Galileo provided a strong confirmation for Copernicus’s views. He brought the assertions of the holy books into question. He was examining Aristotle’s assertions. The invention of the telescope was a disruption. Copernicus knew that to prove his theory of a heliocentric universe, he would have to prove that Venus had phases like the moon. His inability to prove this had pitted the scientific world against him. Galileo proved this through his telescope, and also that the moon had hills and the sun had spots. People found these revelations shocking and the religious leaders were terrified. To accept Galileo’s revelations would mean to accept flaws in the work of the Creator. Teachers in catholic institutions of learning were forbidden from mentioning the spots on the sun. This ban was in force in some universities for  many centuries. The clergy were pressurised to excommunicate mathematicians because it was thought that geometry was the devil’s science and mathematicians were heretics. A committee of theologians discussed the subject of astronomy and deduced two conclusions from certain passages in the Bible.

“The notion that the sun is stationary and does not revolve around the earth is absolutely wrong and openly challenges the Holy Scripture. The notion that the earth revolves around the sun is preposterous and contrary to the religious view.”

Then the Pope ordered Galileo to depose before the Roman Catholic Inquisition. The Inquisition ordered him to renounce his assertions. On the twenty third of February, 1616, Galileo pledged in writing and verbally to not support the Copernican view of the universe, and was granted freedom. This incident happened nearly 16 years after Bruno was burnt alive.

After this, all books that proclaimed that the earth moved in the skies were banned.

And yet, Galileo was hopeful. In 1623, his friend Cardinal Barberini became the Pope and was called Pope Urban VIII. Feeling slightly more secure, Galileo started writing a book called Dialogue Concerning the Two Chief World Systems. The book technically did not side with either Ptolemy’s or Copernicus’s view, but the way it was written provided passionate endorsement to Copernicus’s view. This exquisite book was read widely and enthusiastically all over Europe.

The religious leaders were agitated once again. Galileo was silenced heavily. “The idea of a mobile earth is foolish, absurd and condemnable. That the earth is stationary is a holy notion. Conjectures about the immortality of the soul, the existence of God and his image in man may be forgivable, but proposing that the earth revolves around the sun is not forgivable.” Such were the allegations and opinions against Galileo.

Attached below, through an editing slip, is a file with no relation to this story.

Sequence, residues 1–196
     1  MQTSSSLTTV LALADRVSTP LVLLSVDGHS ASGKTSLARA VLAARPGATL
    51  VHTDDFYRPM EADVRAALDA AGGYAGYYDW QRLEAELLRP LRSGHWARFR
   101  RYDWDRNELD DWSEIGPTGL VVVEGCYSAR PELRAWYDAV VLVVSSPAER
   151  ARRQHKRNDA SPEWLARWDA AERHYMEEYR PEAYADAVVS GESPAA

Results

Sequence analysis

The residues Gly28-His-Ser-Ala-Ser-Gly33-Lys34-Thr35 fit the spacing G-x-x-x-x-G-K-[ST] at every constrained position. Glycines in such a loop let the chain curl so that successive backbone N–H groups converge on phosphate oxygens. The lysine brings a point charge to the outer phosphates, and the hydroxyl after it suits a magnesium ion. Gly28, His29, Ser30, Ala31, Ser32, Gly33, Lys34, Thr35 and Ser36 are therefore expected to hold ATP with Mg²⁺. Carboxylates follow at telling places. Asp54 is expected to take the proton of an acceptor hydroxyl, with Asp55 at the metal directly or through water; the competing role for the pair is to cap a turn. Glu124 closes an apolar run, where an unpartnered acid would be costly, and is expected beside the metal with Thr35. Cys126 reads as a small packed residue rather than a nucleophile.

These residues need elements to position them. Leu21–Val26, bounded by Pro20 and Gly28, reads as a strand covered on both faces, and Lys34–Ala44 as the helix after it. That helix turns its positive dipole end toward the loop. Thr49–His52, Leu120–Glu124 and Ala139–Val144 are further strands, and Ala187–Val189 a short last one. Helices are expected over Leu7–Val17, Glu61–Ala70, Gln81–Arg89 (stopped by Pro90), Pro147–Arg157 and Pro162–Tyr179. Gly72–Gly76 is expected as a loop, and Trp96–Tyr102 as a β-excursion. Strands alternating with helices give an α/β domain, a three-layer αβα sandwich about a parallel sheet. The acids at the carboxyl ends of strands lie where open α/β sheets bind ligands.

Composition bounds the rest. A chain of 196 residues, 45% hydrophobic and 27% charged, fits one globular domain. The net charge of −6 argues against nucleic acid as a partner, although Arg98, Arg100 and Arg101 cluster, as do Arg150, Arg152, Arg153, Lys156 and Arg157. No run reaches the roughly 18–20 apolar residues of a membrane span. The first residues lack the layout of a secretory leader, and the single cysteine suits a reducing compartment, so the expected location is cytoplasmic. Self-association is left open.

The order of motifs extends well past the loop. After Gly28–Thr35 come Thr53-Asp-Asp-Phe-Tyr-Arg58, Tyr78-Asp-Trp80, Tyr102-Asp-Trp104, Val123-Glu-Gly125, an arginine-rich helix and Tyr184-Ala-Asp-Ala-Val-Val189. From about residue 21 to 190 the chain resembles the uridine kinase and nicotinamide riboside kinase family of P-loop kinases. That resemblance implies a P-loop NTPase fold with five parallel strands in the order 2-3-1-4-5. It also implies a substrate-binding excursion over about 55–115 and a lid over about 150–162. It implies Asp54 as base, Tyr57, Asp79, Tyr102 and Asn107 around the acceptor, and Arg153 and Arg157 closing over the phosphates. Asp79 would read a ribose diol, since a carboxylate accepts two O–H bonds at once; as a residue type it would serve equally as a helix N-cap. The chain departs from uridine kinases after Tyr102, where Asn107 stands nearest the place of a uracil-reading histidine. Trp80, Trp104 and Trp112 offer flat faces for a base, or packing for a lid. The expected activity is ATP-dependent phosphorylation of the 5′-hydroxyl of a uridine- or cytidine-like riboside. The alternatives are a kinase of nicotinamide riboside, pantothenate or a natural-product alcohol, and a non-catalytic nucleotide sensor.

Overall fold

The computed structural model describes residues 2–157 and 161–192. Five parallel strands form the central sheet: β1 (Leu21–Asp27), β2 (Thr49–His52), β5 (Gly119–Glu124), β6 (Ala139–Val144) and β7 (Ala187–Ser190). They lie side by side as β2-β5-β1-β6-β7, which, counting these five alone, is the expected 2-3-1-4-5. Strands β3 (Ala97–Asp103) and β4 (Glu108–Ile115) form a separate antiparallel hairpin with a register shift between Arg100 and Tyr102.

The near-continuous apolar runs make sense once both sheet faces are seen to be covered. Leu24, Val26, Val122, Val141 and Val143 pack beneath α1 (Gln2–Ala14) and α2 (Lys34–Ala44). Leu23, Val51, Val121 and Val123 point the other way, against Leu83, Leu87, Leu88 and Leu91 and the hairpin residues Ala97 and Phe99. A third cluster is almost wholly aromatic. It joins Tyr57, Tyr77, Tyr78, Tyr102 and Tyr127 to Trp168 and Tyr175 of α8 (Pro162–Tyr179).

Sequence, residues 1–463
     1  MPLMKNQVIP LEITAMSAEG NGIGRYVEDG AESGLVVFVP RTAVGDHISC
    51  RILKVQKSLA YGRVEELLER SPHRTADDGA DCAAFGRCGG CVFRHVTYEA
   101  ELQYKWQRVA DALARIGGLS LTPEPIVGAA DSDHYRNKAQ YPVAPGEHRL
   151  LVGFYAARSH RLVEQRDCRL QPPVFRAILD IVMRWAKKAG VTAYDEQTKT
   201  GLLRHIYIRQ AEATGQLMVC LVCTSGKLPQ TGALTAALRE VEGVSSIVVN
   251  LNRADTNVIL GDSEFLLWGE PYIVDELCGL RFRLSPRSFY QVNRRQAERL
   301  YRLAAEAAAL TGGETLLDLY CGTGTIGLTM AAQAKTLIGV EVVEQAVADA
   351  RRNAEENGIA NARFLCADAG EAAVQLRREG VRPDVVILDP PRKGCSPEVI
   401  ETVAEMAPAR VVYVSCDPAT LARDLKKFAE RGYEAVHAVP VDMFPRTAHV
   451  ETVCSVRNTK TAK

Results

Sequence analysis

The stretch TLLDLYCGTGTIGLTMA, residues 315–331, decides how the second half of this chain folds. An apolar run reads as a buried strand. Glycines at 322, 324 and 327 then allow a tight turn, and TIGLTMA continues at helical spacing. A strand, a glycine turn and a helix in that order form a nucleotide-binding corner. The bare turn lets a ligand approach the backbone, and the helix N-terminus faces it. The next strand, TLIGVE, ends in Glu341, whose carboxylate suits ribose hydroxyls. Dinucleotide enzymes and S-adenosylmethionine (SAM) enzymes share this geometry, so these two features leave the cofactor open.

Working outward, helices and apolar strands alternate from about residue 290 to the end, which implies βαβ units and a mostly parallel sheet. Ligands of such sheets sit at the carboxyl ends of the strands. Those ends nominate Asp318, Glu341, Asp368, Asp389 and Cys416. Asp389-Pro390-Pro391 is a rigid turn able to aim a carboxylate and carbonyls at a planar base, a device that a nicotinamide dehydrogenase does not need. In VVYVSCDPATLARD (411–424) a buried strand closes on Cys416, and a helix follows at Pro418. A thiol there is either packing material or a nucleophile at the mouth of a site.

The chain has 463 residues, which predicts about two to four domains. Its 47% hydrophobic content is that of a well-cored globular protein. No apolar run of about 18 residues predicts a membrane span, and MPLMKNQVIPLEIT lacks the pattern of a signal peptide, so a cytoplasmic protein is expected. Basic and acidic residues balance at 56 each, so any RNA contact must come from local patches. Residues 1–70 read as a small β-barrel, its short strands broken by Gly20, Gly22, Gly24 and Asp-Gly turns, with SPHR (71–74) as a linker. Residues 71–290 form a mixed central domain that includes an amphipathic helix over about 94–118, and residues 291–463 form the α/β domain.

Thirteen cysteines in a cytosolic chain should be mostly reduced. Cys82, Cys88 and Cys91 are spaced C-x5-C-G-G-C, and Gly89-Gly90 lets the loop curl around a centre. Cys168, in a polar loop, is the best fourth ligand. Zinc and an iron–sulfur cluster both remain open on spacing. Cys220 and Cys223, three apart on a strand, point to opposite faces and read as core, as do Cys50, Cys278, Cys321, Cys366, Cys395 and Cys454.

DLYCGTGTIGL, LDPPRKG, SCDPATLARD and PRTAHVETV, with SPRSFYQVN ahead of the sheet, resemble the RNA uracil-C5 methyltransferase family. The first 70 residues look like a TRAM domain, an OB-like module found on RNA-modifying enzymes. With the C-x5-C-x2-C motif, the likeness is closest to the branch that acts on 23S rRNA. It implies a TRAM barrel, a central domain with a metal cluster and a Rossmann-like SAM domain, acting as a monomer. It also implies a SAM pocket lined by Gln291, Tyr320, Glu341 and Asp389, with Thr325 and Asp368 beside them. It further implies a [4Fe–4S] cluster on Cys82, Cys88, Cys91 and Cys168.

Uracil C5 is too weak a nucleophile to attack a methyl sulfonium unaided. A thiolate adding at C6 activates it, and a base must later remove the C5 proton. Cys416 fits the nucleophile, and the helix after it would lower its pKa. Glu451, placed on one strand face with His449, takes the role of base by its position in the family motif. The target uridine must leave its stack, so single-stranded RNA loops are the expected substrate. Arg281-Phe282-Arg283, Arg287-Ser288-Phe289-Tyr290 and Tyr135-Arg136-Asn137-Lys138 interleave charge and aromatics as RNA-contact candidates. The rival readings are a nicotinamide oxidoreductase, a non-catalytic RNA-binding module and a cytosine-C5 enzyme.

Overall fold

He was again ordered to stand before the Inquisition. He pleaded that he could not travel from Florence to Rome owing to illness but this was not accepted. His friend the Pope threatened to send his own doctor and to bring him to Rome in chains if his illness was found to be not serious. Galileo then made his way to Rome on his own. He was told that if he confessed to his crimes and repented, he would be subjected to imprisonment at the pleasure of the Inquisition, and would be asked to repeat a certain prayer about repentance every week for the next three years.

Because this softer punishment would only be meted out if he confessed, Galileo fell to his knees in front of the Inquisition and repeated what they wanted him to say. “I renounce these mistakes and incorrect views. I believe they are abhorrent and pledge that I will write or speak nothing that may hold me suspect of heresy. If I find any heretic declaring that the earth moves, I will condemn him in front of the Inquisition.” He pledged the renunciation of his views by the Bible. Later, the generous Inquisition commuted his sentence from formal imprisonment to house arrest. All his movements were restricted. He was not permitted to meet his family and friends. He went blind in 1617 and passed away in 1642.

Eventually, however, the era of science dawned. The scientific method came to be known as the only effective and appropriate way to acquire knowledge. No one claims that it solves all problems swiftly. Nevertheless, the scientific method helps us pinpoint causation, formulate questions, keep the process of answering questions on the right track and maximises the possibility of finding the answers tomorrow that we did not find today, while staying on the same track.

Today, it is as if teaching science, using technology and having scientific thinking are mutually exclusive. Even people with degrees in scientific fields exhibit this characteristic, and some people even use their knowledge of science to spread unscientific thinking.

Thinking logically about naturally phenomena, and appending experience and experimentation to this thinking, began in the thirteenth century. Scientists have always aimed to control factors in order to create accurate experiments. Science is born through the use of an exact process assisted by observation and logic. Some people call science “specialised knowledge” but knowledge itself is defined as information acquired through logically sound means and conclusions derived from such information. In science, reasoning and experimentation are interdependent: reason is subjected to the test of experimentation and then firm conclusions are drawn, laws are derived.